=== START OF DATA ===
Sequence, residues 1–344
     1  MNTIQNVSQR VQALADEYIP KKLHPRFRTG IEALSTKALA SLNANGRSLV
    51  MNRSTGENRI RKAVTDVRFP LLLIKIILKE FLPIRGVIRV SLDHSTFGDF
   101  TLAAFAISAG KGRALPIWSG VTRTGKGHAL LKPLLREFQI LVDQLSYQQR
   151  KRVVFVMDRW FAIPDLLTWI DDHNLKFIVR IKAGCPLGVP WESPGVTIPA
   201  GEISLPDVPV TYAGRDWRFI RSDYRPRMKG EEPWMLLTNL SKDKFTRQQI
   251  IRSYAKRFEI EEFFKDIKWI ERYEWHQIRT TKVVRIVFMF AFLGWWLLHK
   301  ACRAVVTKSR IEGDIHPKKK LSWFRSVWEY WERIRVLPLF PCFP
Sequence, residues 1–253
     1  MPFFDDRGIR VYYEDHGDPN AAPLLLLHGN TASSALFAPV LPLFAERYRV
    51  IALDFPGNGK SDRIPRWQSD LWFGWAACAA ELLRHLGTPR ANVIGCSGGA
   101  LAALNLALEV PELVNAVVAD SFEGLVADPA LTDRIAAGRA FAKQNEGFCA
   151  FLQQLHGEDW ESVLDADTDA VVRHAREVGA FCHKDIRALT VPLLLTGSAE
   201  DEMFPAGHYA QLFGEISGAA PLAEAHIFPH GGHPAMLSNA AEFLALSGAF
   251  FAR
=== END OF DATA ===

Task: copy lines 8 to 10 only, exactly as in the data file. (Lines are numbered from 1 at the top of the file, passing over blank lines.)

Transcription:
   301  ACRAVVTKSR IEGDIHPKKK LSWFRSVWEY WERIRVLPLF PCFP
Sequence, residues 1–253
     1  MPFFDDRGIR VYYEDHGDPN AAPLLLLHGN TASSALFAPV LPLFAERYRV